Resting at the confluence of the Indian and Atlantic oceans, situated between the slopes of the iconic Table Mountain and the glistening sapphire waters of the Atlantic and Indian oceans, the exceptionally scenic city of Cape Town is in a class of its own. Some cities boast rich culture, vibrant nightlife, a cosmopolitan atmosphere and extraordinary architecture, while others boast breathtaking landscapes and extraordinary natural wonders. Cape Town is fortunate to be blessed with all of these attractions and so much more. With its bustling harbor, world-class beaches, top-notch vineyards, and its mountainous surroundings brimming with diverse flora and fauna, Cape Town consistently captivates the hearts of all who visit. History and modern luxury merge to create ageless beauty at the Victoria & Alfred Hotel, which was built in 1904 as the North Quay Warehouse. This iconic establishment was named after Queen Victoria and her son, Prince Alfred who played an intrinsic role in the establishment of the Breakwater Basin – now the V&A Waterfront. The hotel is located in the very heart of this internationally acclaimed destination and is a sophisticated retreat amid the buzz. It offers some of the most enviable views of Cape Town Harbour and Table Mountain.
The tour commences with a tour of Table Mountain. Enjoy panoramic views over the Mother City and the Atlantic Seaboard with Robben Island in the distance lying sleepily in Table Bay harbour. In the city itself, stop at the Company Gardens. Enjoy a walk through the garden and a visit to the South African Museum. This is followed by a visit to the Castle of Good Hope. Built between 1666 and 1679 by the Dutch East India Company (VOC) as a maritime replenishment station, the Castle of Good Hope is the oldest surviving colonial building in South Africa. The drive through the city centre would also take you past the Houses of Parliament, the Grand Parade and City Hall from where Nelson Mandela first addressed South Africans after his release in February 1990.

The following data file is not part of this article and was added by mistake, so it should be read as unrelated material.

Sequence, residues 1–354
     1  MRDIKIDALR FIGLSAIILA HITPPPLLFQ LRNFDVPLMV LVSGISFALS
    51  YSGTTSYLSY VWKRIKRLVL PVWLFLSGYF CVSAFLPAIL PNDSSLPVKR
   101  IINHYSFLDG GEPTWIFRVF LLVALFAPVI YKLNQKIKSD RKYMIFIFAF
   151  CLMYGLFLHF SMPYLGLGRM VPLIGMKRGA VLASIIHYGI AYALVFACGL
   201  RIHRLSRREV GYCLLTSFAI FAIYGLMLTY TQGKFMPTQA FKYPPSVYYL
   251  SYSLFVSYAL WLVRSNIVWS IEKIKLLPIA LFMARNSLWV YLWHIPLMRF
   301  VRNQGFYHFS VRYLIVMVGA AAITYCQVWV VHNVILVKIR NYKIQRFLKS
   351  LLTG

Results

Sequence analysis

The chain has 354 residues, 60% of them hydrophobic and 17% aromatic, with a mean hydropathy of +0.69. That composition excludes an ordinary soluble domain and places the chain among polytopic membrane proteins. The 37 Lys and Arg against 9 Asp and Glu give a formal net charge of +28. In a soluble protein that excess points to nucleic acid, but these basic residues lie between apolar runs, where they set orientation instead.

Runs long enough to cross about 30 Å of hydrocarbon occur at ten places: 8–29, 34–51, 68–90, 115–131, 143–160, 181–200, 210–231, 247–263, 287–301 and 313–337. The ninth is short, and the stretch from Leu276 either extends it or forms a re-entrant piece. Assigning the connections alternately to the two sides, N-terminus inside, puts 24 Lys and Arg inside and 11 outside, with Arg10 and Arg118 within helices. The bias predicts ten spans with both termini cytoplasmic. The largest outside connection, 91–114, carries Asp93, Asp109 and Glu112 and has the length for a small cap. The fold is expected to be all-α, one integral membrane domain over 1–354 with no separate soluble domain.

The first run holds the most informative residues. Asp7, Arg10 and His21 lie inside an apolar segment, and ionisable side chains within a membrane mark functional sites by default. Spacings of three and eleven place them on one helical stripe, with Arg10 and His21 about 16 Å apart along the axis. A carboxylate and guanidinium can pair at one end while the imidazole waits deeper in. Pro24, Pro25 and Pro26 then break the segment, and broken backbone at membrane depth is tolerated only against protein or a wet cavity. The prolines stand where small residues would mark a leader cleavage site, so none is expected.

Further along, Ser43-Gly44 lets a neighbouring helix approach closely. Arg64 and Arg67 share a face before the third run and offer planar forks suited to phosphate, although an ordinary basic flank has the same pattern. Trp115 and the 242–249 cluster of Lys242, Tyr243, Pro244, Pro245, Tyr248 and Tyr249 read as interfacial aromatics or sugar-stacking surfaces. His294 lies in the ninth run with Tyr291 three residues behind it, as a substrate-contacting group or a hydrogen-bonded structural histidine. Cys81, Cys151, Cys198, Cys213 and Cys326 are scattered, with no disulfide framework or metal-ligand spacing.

Travel along the Atlantic Seaboard via Sea Point, Clifton and Camps Bay, to Hout Bay, a quaint village and fishing harbour with magnificent mountain views and beach. Continue via Chapman’s Peak, one of the world’s most breath-taking coastal drives, to the Cape of Good Hope Nature Reserve and Cape Point which is perceived to be the meeting point of the Atlantic and Indian Oceans. Go on to historic Simon’s Town, a village with charming Victorian architecture, a naval base and a large penguin colony at the beautiful Boulders Beach. Boulders Penguin Colony is home to a growing colony of the vulnerable African Penguin. Wooden walkways allow visitors to view the penguins in their natural habitat and there is also a new information centre. A lunch stop is made nearby (lunch to own account). End the day with a visit to the well-known Kirstenbosch National Botanical Gardens. The Garden includes five of South Africa’s six different biomes and is world-renowned for the beauty and diversity of the Cape Flora it displays as well as for the magnificence of its setting against the eastern slopes of Table Mountain.